Second, growing the credit union movement, as referenced in the programme for Government, is essentially about growing the credit unions' loan book. They have adequate deposits and savings. They do not need to grow those to any great extent. In fact, the extent of their savings can cause them financial difficulties in the negative interest rate environment we are in at the moment. I met specifically with all the main credit union organisations in light of a number of banks closing branches in many towns, cities and rural areas throughout the country to progress the opportunities available in many of these locations where the credit union is the only financial institution left standing. Credit unions have tremendous ability and scope to increase their lending. That does not require further legislative proposals to assist them. I look forward to working with them in that area.
The Minister of State mentioned the credit unions’ willingness to step in, particularly given the closure of bank branches throughout the country. There have been a number of high-profile branch closures, including in my constituency and in Dublin city. Only last week, Shankill in my constituency lost its ATM. Some Deputies might say that that is not the end of the world. However, it is for a community that relies on that ATM to access services.
I also commend Core Credit Union for its proactive nature in expanding its services. That is exactly what the credit unions want to do. They want to expand services, such as loans, savings, current accounts, debit cards, apps, online banking and so on. With the right support from Government and from the Central Bank of Ireland, credit unions say that they can continue to be present in towns and villages, which is important. I acknowledge what the Minister of State is saying about that. The Minister of State might please keep in contact with me about that engagement, to ensure that once the review is complete we know exactly where we are.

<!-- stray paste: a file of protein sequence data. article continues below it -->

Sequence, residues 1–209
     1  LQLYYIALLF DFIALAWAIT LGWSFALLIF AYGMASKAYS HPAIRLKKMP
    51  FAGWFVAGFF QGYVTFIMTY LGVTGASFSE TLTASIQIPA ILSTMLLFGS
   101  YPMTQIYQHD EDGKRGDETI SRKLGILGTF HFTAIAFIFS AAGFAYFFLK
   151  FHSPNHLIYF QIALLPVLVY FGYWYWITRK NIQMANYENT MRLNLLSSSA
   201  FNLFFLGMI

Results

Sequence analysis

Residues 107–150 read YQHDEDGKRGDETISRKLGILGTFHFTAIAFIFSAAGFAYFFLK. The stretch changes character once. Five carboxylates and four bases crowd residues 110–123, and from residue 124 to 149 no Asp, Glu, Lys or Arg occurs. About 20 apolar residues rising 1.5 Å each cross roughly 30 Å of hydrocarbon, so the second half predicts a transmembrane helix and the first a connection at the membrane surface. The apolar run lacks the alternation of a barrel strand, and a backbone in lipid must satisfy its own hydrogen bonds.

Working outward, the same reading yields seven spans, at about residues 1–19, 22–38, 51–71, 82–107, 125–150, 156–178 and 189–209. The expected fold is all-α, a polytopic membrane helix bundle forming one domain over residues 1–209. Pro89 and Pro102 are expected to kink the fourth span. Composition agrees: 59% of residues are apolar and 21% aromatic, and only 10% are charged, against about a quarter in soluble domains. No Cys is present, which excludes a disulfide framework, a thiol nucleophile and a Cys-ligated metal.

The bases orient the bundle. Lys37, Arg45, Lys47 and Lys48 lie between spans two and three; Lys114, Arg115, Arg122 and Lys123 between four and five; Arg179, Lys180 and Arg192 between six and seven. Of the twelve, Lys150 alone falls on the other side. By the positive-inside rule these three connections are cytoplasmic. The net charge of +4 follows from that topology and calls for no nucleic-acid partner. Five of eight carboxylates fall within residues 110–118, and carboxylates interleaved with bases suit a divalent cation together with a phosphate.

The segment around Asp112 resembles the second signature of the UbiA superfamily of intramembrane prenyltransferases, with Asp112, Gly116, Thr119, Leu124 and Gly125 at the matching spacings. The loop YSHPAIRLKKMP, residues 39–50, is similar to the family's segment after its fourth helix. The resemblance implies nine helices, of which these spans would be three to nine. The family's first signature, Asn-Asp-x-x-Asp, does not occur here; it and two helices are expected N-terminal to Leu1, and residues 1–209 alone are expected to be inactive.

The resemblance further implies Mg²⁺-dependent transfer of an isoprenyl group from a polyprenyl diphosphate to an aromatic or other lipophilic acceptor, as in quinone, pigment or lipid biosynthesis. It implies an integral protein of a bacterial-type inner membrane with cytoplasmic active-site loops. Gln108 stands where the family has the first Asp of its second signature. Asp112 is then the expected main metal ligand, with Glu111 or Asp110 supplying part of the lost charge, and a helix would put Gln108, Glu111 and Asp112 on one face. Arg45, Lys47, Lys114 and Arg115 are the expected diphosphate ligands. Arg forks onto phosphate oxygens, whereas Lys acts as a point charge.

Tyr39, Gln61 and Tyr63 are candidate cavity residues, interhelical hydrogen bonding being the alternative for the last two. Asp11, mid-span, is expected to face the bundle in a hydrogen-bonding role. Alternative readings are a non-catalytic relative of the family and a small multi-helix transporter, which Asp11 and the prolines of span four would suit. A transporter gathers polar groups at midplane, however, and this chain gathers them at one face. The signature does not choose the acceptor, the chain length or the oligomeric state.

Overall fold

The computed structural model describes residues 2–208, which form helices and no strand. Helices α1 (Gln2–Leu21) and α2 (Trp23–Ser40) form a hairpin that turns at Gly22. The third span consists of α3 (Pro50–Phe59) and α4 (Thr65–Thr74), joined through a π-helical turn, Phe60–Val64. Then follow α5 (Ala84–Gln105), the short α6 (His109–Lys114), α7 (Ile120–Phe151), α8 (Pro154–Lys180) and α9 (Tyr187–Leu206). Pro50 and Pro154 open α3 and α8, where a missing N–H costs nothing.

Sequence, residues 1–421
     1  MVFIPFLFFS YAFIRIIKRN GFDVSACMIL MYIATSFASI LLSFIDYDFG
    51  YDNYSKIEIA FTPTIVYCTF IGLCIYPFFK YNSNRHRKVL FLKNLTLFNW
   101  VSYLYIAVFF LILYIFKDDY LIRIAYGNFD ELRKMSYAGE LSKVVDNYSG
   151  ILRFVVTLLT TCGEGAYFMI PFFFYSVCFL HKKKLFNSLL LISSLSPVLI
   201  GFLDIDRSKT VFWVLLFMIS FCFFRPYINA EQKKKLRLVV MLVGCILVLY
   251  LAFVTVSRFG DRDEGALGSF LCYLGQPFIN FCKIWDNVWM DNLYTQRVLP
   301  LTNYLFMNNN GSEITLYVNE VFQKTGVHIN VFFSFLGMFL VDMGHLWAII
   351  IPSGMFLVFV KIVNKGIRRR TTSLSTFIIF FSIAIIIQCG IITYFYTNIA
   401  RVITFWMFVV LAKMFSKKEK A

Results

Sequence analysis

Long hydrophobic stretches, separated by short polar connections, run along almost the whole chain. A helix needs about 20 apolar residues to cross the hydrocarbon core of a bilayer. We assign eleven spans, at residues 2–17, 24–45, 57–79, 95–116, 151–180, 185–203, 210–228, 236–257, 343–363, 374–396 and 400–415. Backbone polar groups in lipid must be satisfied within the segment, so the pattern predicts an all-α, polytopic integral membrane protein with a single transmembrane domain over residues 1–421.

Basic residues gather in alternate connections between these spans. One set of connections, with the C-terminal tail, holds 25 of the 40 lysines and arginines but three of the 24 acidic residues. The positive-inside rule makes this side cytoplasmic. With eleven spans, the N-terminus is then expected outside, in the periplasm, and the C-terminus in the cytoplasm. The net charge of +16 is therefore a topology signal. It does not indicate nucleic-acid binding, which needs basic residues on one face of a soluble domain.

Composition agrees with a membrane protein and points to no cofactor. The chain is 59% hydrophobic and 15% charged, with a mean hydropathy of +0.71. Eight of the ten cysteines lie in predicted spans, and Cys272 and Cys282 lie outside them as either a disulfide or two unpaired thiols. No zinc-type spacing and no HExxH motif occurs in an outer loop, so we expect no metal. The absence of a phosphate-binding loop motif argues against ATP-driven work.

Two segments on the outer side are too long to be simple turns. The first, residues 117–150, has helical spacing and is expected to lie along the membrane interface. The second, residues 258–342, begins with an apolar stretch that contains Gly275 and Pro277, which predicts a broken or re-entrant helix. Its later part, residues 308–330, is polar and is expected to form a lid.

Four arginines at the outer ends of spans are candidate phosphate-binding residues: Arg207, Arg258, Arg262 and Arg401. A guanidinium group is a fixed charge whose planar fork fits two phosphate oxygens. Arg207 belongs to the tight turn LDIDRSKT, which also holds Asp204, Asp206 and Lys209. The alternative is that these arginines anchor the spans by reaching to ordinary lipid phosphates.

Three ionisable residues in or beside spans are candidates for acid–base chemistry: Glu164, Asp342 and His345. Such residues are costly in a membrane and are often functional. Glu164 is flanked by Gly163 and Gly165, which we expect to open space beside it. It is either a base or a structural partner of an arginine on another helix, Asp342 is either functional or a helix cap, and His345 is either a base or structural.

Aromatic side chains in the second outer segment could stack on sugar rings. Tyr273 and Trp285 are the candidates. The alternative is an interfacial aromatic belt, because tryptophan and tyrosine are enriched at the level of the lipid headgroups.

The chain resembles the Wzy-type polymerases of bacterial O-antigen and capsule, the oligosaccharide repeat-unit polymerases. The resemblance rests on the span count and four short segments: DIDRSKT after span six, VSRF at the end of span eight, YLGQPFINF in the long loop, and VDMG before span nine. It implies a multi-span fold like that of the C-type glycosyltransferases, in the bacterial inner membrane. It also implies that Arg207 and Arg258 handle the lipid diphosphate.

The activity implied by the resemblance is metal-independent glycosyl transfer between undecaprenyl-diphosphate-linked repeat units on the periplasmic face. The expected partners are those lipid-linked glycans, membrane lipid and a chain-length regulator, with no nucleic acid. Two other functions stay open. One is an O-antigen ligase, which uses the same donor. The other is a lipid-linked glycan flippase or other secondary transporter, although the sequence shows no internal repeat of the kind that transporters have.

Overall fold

I look forward to briefing the Deputy, as well as the opportunity to brief the Joint Committee on Finance, Public Expenditure and Reform, and Taoiseach, on developments as we progress. A total of 19 credit unions were approved in early 2021 for participation in the Covid-19 credit guarantee scheme. The Government has provided substantial funding for retrofitting. There will have to be some elements of providing funds by the homeowners themselves. The credit unions are the ideal movement to provide that vital type of extra information. The Central Bank of Ireland is looking at some of the services already provided that require its approval, with a view to seeing if some of these can be made exempt. I will come back with further information on that. Some legislation may be required in the areas we are talking about. However, the Central Bank of Ireland is independent of the Government for good reason. Collaboration is the way forward for credit unions because many of the issues I have mentioned are onerous for small individual credit unions. If they collaborate, they can work strongly.